Pearson is returning to a company facing multiple challenges. Among is the impact of its now-severed relationship with Philidor; decisions by drug benefit managers Express Scripts Holdings Co. and CVS Health Corp. to curtail coverage of expensive medicines like toenail fungus drug Jublia; a ballooning debt and the potential impact in the long term of the introduction of a generic version of its gastrointestinal drug Xifaxan.

Arfaei, the BMO analyst, said he’s not too concerned because Valeant is confident that much of its patents for the drug expire between 2019 and 2029. “Nonetheless, Xifaxan is a key growth driver for Valeant, and this adds yet another uncertainty, albeit small, for shareholders at a time of heightened sensitivity,” he wrote.

Interim CEO Howard Schiller, a board member and the company’s former chief financial officer, will step down but remain on the board. Valeant had said in December that it expected sales of $2.7 billion to $2.8 billion in the fourth quarter, and adjusted earnings of $2.55 to $2.65 a share. For 2016, it forecast sales of $12.5 billion to $12.7 billion and adjusted earnings of $13.25 to $13.75 a share.

Ingram said Sunday that the illness had made it clear it was important to plan for a successor to the CEO. 

“Given the size and breadth of our company, succession planning and building out our senior team to provide additional resources and support for Mike are high priorities for the board,” he said in the statement.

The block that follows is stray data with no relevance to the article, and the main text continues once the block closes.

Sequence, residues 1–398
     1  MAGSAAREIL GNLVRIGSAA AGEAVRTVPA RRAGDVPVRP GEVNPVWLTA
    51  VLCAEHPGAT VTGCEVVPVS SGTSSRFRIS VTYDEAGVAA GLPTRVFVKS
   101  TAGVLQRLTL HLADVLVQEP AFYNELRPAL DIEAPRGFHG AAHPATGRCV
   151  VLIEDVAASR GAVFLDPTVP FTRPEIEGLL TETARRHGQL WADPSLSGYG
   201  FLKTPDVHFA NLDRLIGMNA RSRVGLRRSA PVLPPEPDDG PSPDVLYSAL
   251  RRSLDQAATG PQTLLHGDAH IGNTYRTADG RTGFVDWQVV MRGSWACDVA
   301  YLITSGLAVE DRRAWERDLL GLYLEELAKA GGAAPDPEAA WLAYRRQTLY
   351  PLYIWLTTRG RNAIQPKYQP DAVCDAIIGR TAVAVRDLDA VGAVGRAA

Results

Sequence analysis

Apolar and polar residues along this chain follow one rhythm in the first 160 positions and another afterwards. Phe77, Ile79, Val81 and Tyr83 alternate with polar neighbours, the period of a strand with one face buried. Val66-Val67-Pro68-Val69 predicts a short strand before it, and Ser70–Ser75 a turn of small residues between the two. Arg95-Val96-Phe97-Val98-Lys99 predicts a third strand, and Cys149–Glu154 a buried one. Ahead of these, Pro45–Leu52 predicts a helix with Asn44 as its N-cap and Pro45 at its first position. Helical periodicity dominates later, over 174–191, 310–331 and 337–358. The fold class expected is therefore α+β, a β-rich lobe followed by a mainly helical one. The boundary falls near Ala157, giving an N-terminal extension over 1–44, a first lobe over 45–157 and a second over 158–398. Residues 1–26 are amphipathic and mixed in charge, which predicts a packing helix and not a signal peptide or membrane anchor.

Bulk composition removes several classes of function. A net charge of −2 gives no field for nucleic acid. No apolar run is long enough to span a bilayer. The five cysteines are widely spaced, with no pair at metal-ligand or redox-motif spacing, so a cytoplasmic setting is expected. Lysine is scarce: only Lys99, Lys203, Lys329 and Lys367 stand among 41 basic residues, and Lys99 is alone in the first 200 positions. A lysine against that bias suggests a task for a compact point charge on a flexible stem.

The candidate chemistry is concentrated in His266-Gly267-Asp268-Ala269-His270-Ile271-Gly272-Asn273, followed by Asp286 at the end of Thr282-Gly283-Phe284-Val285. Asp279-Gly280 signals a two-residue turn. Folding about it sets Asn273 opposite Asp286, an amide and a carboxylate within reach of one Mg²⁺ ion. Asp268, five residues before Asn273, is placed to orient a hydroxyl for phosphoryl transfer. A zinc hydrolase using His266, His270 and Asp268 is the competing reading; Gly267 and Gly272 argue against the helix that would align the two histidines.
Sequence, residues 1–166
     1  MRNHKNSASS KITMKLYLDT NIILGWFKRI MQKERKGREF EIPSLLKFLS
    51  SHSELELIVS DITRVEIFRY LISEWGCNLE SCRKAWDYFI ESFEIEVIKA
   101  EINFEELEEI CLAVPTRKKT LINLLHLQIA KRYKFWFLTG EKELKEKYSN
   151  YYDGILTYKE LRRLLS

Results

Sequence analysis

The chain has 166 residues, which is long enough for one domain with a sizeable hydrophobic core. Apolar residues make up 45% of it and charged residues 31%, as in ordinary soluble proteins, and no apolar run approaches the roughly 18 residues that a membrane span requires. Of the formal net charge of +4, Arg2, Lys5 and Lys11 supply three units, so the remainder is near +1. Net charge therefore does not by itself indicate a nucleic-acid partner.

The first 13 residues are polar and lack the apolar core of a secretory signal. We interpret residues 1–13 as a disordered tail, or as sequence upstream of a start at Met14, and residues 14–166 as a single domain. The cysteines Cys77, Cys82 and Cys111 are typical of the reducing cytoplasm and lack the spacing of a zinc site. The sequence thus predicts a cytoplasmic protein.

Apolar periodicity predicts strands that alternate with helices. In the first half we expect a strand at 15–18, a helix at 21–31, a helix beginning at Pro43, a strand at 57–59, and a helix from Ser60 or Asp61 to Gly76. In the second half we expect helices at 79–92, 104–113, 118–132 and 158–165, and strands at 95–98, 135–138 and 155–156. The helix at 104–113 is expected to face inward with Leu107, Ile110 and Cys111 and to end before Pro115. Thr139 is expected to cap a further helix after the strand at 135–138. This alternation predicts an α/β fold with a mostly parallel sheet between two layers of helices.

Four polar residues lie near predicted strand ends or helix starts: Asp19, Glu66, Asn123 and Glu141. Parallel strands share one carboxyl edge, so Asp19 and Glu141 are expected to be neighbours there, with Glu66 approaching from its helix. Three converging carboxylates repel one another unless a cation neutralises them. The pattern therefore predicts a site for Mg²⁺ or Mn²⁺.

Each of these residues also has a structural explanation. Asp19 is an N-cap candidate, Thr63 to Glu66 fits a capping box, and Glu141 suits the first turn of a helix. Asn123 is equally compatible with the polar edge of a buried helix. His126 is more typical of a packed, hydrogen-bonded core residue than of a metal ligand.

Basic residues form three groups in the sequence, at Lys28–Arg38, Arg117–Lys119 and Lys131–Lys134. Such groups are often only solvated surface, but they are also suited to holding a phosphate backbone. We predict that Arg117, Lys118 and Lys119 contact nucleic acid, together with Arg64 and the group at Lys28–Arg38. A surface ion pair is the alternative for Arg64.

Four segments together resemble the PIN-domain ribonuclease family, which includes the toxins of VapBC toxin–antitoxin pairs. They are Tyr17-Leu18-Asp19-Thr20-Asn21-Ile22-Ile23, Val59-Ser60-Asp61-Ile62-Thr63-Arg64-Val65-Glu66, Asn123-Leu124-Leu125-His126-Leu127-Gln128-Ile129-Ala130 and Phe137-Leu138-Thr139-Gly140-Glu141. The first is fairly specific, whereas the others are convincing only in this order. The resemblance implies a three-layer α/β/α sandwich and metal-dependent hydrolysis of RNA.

‘Disappointing’

“I realize that recent events are disappointing to everyone and it is my responsibility to set the appropriate tone for the organization,” Pearson said in Sunday’s statement. “My immediate priority will be to build stronger relationships with important constituents, such as managed care and other channel partners, regulators and government representatives, while improving Valeant’s reporting procedures, internal controls and transparency.”

Pearson took over Valeant in 2008, bringing with him a business model honed over 23 years as a consultant at McKinsey & Co. that centered on an unconventional approach eschewing research and development in favor of acquisitions. He also had great ambitions: In January 2014, he said he wanted Valeant to be a top 5 pharmaceutical company by 2016.

Deals and Debt

He made more than 50 acquisitions totaling $34 billion -- including Bausch & Lomb Inc., Medicis Pharmaceutical Corp. and Salix Pharmaceuticals Ltd. -- and accumulated more than $30 billion in debt. Pearson bought older treatments already on the market, at times substantially raising their prices.

Paying down debt remains a priority for the company, Pearson said Sunday.

The price hikes drew criticism from lawmakers, health insurers and pharmacy benefit managers. So did reports on its relationship with Philidor, which specialized in helping doctors and patients get access to Valeant drugs even when insurers declined to cover them. Valeant said on Oct. 30 that it would cut ties with Philidor. On Dec. 15, the drugmaker announced an agreement to sell skin and eye medications through Walgreens Boots Alliance Inc. at a lower price.

With Pearson on medical leave, interim CEO Schiller represented the drugmaker at a congressional hearing in early February and promised to end an era of sharp hikes. Schiller joined Valeant in 2011 as chief financial officer, and announced his desire to depart in April 2015. He remained a director and consultant after stepping down from his finance post.